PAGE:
‘A pessimist only sees the dark side of the clouds, and mopes; a philosopher sees both sides and shrugs; an optimist doesn’t see the clouds at all–he’s walking on them.’ – Leonard L. Levinson
As the midwest gets drenched by day after day of storms, we have managed to get as far south as the United States goes and still weather presents challenges. Today we got up and found northwestern Texas still covered with big storms and flight advisories that can be best summarized as “really, we’re not kidding. Don’t fly.”
I spent the morning in the lobby of the Stephenville, TX Hampton Inn watching World Cup (and I’m certain I could have done a better job than the referee of the Côte d’Ivoire v Portugal match. It wasn’t terrible soccer, but he blew more calls than should ever be allowed in international play). I was also spending some time seeking a hole to fly through and find a path to a state who’s official question is “Red or Green?”
Things in western Texas didn’t look great and flying down to Mexico wasn’t an option this trip as I had done no prep work and am not even sure if I would be permitted by club rules to take the plane into Estados Unidos Mexicanos. Nonetheless I was still amused to see the not so cleverly named “Rancho la Vaca” just over the border. Around noon it looked like we had the hole we needed. KINK had been instrument conditions earlier and was improving to visual as the morning progressed, so we took off thinking that it would likely continue to improve and ready to turn back if it hadn’t.
Around Eastland I called Flightwatch and got a weather update. Things hadn’t really improved much, but another possibility presented itself. Carlsbad was in the clear and so were we. That meant we could jump up on top of the clouds and fly in smooth, cooler air. This was the first time I had an opportunity to use this trick, so we excited to add a new play to my book. There are two concerns in flying on top. The first has already been hinted at. It’s really not a good idea to decide to fly over the clouds and then not be able to get back down. Flightwatch assured us that Carlsbad was “clear” and I knew from my pre-flight that conditions generally improved the further west we flew. The other problem is that there are no landmarks to help guide your flight. On this I was extremely confident. One of the things I love about flying is using various radio navigation aids to find my way around. On today’s flight we had two GPS units (one hooked to the autopilot) and two VORs (radio beacons that your plane can see and tell you where you are relative to the beacon). One of the GPS receivers has battery backup and runs independent of the other three radio navs, so even a total electrical failure wouldn’t cause us to get lost. Perhaps a bit worried about other things, but not lost, so up we went.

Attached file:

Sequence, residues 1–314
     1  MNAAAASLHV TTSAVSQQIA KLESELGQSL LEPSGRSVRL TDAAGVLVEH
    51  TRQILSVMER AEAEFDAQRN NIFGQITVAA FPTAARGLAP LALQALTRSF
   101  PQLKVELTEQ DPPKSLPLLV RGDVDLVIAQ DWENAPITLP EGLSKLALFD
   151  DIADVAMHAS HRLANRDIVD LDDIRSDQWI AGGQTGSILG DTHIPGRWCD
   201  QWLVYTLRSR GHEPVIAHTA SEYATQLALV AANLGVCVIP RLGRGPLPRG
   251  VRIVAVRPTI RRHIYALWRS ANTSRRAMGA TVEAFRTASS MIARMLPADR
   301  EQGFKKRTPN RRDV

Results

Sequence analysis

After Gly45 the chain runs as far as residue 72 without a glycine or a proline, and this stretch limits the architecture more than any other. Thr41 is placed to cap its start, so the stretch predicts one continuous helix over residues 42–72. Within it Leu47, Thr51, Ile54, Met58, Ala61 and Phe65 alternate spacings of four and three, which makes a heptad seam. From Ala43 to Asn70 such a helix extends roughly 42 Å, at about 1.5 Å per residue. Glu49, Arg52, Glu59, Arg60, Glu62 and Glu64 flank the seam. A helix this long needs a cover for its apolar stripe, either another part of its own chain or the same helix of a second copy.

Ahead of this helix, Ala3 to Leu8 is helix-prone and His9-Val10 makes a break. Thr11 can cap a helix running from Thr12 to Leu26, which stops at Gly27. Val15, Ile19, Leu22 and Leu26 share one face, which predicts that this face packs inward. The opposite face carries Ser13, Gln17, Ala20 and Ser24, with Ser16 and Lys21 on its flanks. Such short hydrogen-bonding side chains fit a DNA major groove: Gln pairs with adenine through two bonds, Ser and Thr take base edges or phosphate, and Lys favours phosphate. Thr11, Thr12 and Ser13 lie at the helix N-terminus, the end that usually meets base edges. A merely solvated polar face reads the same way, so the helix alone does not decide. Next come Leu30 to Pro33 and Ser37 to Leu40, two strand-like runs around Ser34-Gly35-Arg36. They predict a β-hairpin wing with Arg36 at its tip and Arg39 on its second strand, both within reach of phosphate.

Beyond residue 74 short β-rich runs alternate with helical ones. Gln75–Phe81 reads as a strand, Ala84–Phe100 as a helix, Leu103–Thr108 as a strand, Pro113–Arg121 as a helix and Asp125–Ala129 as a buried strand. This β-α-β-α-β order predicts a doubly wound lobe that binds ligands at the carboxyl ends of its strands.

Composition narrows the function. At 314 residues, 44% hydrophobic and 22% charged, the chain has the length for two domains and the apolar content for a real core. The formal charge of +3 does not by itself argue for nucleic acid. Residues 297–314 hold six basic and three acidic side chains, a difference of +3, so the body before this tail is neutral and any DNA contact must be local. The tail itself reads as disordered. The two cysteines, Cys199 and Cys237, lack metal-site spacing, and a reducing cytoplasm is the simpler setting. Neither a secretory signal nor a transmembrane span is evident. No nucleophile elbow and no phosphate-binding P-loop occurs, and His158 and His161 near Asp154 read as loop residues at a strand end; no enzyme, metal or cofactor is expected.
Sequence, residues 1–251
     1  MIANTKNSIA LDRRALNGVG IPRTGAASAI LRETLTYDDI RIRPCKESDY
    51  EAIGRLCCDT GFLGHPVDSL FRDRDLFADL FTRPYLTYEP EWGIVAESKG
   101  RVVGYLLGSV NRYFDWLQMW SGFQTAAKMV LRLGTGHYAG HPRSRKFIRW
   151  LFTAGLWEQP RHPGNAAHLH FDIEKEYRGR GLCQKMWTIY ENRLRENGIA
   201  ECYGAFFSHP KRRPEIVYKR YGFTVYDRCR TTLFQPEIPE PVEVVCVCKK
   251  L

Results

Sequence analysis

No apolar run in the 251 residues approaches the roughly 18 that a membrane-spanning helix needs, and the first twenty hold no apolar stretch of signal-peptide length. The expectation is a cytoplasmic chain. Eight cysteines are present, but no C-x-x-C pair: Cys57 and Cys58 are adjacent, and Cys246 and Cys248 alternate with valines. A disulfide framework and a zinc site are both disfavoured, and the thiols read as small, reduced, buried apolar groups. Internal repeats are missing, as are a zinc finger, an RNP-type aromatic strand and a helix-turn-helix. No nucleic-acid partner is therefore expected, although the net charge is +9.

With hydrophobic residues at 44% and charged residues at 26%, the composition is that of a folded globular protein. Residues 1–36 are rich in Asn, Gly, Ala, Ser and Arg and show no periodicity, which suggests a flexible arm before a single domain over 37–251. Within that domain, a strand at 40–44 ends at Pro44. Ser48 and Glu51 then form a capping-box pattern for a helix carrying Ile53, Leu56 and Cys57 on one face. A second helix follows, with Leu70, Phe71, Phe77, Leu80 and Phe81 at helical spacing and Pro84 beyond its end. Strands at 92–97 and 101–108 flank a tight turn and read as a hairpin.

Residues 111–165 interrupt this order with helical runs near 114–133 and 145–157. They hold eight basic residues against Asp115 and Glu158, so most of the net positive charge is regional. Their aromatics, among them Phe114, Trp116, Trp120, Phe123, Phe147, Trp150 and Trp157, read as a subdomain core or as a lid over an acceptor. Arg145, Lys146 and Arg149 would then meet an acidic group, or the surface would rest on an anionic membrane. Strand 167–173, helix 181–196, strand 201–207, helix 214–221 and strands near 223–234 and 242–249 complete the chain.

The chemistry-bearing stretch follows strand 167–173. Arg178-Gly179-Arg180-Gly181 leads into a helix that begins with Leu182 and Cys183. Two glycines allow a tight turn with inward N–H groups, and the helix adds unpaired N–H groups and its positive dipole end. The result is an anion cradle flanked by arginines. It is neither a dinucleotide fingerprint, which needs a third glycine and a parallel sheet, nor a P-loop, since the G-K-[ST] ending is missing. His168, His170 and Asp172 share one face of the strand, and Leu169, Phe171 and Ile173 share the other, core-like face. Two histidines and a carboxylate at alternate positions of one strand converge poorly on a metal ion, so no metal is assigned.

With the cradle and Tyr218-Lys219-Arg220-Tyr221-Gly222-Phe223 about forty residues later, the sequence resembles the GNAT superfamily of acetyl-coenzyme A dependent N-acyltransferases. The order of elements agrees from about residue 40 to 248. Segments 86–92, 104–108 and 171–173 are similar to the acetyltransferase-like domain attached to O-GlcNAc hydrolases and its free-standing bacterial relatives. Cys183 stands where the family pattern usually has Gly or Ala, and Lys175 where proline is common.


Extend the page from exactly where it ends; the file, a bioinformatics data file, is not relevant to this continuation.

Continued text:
At five thousand feet it was hot and muggy in the cockpit. The outside air temperature (OAT) claimed it was about 90F, but with the sun shining through the windows it felt even warmer. As we climbed higher and higher, eventually to 12,500 the OAT kept dropping further and further until it finally bottomed out at 48F. We actually had to shut down some of the vents because we were getting cold on this blazing hot June afternoon.
All good things must come to an end and we finished up about two hours of visual flying over clouds in clean air with a bumpy descent and landing into Carlsbad, where the winds couldn’t make up their mind what direction they wanted to blow. The landing was challenging, gusty winds from all directions, but uneventful. Just what you want. A bit of challenge to keep you sharp, and a landing that doesn’t bend the plane.